After a year of Congressional infighting, President Obama has signed into law a reauthorization of the Violence Against Women Act—a move that’s being seen as a big win for gay rights activists and Native Americans.
On Thursday, the president was joined by domestic violence survivors, lawmakers and tribal leaders for the signing ceremony at the Interior Department.
"This is your day. The day of survivors," said Obama. He added "this victory shows that when the American people make their voices heard, Washington listens."
Vice President Joe Biden—who sponsored the original legislation 19 years ago—also spoke.
"With all the law’s success, there are still too many women in this country who live in fear of violence" Biden said, but added "every time we reauthorized the Violence Against Women Act, we improved it."
The legislation includes new protections for gay and lesbian Americans, including a provision that allows groups representing them to apply for grants to prevent sexual violence. It also gives tribal courts the authority to prosecute non-Indians who attack Native Americans on tribal lands.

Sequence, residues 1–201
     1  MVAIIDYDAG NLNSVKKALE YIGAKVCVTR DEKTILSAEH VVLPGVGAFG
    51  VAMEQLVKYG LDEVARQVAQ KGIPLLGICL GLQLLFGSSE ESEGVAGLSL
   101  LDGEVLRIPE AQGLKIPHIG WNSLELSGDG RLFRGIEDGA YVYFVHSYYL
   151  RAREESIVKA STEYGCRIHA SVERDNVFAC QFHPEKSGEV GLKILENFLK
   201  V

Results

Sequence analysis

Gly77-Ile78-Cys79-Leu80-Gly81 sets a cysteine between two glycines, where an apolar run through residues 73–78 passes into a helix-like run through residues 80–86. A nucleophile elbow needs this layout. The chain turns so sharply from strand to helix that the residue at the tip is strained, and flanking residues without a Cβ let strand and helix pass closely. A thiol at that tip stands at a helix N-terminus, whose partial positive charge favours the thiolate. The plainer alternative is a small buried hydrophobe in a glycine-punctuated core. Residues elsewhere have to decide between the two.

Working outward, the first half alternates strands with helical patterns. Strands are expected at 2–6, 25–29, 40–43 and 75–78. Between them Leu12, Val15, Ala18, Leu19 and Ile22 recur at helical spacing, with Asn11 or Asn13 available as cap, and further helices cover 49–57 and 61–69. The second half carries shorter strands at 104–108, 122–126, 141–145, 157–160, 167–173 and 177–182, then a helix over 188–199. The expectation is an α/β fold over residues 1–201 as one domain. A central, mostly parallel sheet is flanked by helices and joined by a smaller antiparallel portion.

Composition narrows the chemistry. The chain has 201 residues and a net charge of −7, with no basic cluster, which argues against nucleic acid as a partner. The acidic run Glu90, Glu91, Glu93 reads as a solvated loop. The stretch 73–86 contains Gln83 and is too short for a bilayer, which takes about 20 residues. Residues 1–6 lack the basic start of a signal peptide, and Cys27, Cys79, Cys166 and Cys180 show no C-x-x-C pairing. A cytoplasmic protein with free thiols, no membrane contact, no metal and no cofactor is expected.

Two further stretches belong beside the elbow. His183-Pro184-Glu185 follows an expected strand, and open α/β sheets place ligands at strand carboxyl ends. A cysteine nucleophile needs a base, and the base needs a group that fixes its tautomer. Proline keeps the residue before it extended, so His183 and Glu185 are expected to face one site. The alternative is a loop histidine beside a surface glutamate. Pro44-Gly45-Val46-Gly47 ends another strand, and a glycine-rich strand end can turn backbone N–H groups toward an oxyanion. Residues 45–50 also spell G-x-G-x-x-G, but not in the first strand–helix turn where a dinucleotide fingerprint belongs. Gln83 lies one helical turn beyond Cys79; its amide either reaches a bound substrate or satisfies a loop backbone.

The original legislation expired in 2011 and was held up in Congress. House GOPers initially rallied against the additions protecting LGBT people and Native Americans when the Senate included them in a bill last year. They argued there were constitutional concerns surrounding the prosecution of non-Indian criminals on tribal lands. GOPers tried to pass their version of the bill, which the left argued did not do enough to protect gay couples and Native Americans. That initiative failed 166-257.
The bill eventually passed in the House in January by a 286 to 138 vote, with all Democrats supporting it.
The renewal greenlights about $660 million a year over five years to fund programs that provides grants for law enforcement, legal assistance and transitional housing for victims. It also continues a national domestic violence hotline and protection for victims that carries across state lines.
"This is a country where everyone should be able to pursue their happiness no matter who you are, no matter who you love," said Obama.